Anxiety is an emotion characterized by an unpleasant state of inner
turmoil, often accompanied by nervous behavior, such as pacing back
and forth, somatic complaints, and rumination. It is the
subjectively unpleasant feelings of dread over anticipated events,
such as the feeling of imminent death.
Anxiety is not the same as
fear, which is a response to a real or perceived immediate threat,
whereas anxiety is the expectation of future threat.
Anxiety is a
feeling of uneasiness and worry, usually generalized and unfocused as
an overreaction to a situation that is only subjectively seen as
menacing. It is often accompanied by muscular tension,
restlessness, fatigue and problems in concentration.
Anxiety can be
appropriate, but when experienced regularly the individual may suffer
from an anxiety disorder.
People facing anxiety may withdraw from situations which have provoked
anxiety in the past. There are various types of anxiety.
Existential anxiety can occur when a person faces angst, an
existential crisis, or nihilistic feelings. People can also face
mathematical anxiety, somatic anxiety, stage fright, or test anxiety.
Social anxiety and stranger anxiety are caused when people are
apprehensive around strangers or other people in general. Furthermore,
anxiety has been linked with physical symptoms such as IBS and can
heighten other mental health illnesses such as OCD and panic disorder.
The first step in the management of a person with anxiety symptoms is
to evaluate the possible presence of an underlying medical cause,
whose recognition is essential in order to decide its correct
Anxiety symptoms may be masking an organic disease,
or appear associated or as a result of a medical disorder.
Anxiety can be either a short term "state" or a long term "trait".
Whereas trait anxiety represents worrying about future events, anxiety
disorders are a group of mental disorders characterized by feelings of
anxiety and fear.
Anxiety disorders are partly genetic but may
also be due to drug use, including alcohol, caffeine, and
benzodiazepines (which are often prescribed to treat anxiety), as well
as withdrawal from drugs of abuse. They often occur with other mental
disorders, particularly bipolar disorder, eating disorders, major
depressive disorder, or certain personality disorders. Common
treatment options include lifestyle changes, medication, and therapy.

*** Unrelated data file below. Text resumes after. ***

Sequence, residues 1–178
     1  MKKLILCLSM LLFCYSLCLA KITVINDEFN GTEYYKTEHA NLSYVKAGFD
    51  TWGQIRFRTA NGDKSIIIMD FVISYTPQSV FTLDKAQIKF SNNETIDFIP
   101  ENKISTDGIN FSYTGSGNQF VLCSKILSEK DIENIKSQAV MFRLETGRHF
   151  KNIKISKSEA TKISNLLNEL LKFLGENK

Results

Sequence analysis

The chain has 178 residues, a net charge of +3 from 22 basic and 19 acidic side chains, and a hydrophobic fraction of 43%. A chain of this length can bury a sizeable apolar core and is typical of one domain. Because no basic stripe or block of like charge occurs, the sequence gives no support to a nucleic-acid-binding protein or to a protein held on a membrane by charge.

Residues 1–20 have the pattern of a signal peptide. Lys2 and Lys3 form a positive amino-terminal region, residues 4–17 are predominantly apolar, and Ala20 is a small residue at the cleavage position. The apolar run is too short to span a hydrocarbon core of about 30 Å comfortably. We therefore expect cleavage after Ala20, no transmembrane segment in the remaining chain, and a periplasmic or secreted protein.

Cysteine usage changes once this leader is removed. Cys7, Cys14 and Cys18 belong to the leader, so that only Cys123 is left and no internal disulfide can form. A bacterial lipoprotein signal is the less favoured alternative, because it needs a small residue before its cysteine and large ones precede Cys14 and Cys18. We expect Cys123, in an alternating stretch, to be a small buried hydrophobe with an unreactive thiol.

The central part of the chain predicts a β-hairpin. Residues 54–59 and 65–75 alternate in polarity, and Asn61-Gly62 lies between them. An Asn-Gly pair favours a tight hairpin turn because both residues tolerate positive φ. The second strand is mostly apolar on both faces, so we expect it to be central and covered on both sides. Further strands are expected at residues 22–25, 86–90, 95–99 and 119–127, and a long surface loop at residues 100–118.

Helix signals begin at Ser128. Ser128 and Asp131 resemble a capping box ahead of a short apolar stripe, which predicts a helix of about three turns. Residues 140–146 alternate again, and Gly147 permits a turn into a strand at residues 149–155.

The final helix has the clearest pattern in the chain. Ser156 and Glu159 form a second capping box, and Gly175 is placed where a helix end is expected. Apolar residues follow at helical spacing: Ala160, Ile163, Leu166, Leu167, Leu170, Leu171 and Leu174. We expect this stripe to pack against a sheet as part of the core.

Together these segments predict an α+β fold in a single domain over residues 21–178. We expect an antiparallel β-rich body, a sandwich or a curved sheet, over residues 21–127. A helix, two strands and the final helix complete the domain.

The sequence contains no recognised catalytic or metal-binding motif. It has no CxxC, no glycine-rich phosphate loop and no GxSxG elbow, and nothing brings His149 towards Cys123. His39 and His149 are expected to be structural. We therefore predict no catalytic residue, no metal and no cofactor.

Metacognitive therapy seeks to rid anxiety through reducing worry,
which is seen as a consequence of metacognitive beliefs.
2.2 Test and performance
2.3 Stranger, social, and intergroup
2.5 Choice or decision
3 Risk factors
3.3 Medical conditions
3.5.1 Evolutionary psychology
3.6.1 Gender socialization
4 See also
6 External links
A job applicant with a worried facial expression
Anxiety is distinguished from fear, which is an appropriate cognitive
and emotional response to a perceived threat.
Anxiety is related to
the specific behaviors of fight-or-flight responses, defensive
behavior or escape. It occurs in situations only perceived as
uncontrollable or unavoidable, but not realistically so. David
Barlow defines anxiety as "a future-oriented mood state in which one
is not ready or prepared to attempt to cope with upcoming negative
events," and that it is a distinction between future and present
dangers which divides anxiety and fear. Another description of anxiety
is agony, dread, terror, or even apprehension. In positive
psychology, anxiety is described as the mental state that results from
a difficult challenge for which the subject has insufficient coping
Fear and anxiety can be differentiated in four domains: (1) duration
of emotional experience, (2) temporal focus, (3) specificity of the
threat, and (4) motivated direction.
Fear is defined as short lived,
present focused, geared towards a specific threat, and facilitating
escape from threat; anxiety, on the other hand, is defined as
long-acting, future focused, broadly focused towards a diffuse threat,
and promoting excessive caution while approaching a potential threat
and interferes with constructive coping.
Anxiety can be experienced with long, drawn out daily symptoms that
reduce quality of life, known as chronic (or generalized) anxiety, or
it can be experienced in short spurts with sporadic, stressful panic
attacks, known as acute anxiety. Symptoms of anxiety can range in
number, intensity, and frequency, depending on the person. While
almost everyone has experienced anxiety at some point in their lives,
most do not develop long-term problems with anxiety.
Anxiety may cause psychiatric and physiological symptoms.
The behavioral effects of anxiety may include withdrawal from
situations which have provoked anxiety or negative feelings in the
past. Other effects may include changes in sleeping patterns,
changes in habits, increase or decrease in food intake, and increased
motor tension (such as foot tapping).
The emotional effects of anxiety may include "feelings of apprehension
or dread, trouble concentrating, feeling tense or jumpy, anticipating
the worst, irritability, restlessness, watching (and waiting) for
signs (and occurrences) of danger, and, feeling like your mind's gone
blank" as well as "nightmares/bad dreams, obsessions about
sensations, déjà vu, a trapped-in-your-mind feeling, and feeling
like everything is scary."
The cognitive effects of anxiety may include thoughts about suspected
dangers, such as fear of dying. "You may ... fear that the chest
pains are a deadly heart attack or that the shooting pains in your
head are the result of a tumor or an aneurysm. You feel an intense
fear when you think of dying, or you may think of it more often than
normal, or can't get it out of your mind."
The physiological symptoms of anxiety may include:
Neurological, as headache, paresthesias, vertigo, or presyncope.
Digestive, as abdominal pain, nausea, diarrhea, indigestion, dry
mouth, or bolus.
Respiratory, as shortness of breath or sighing breathing.
Cardiac, as palpitations, tachycardia, or chest pain.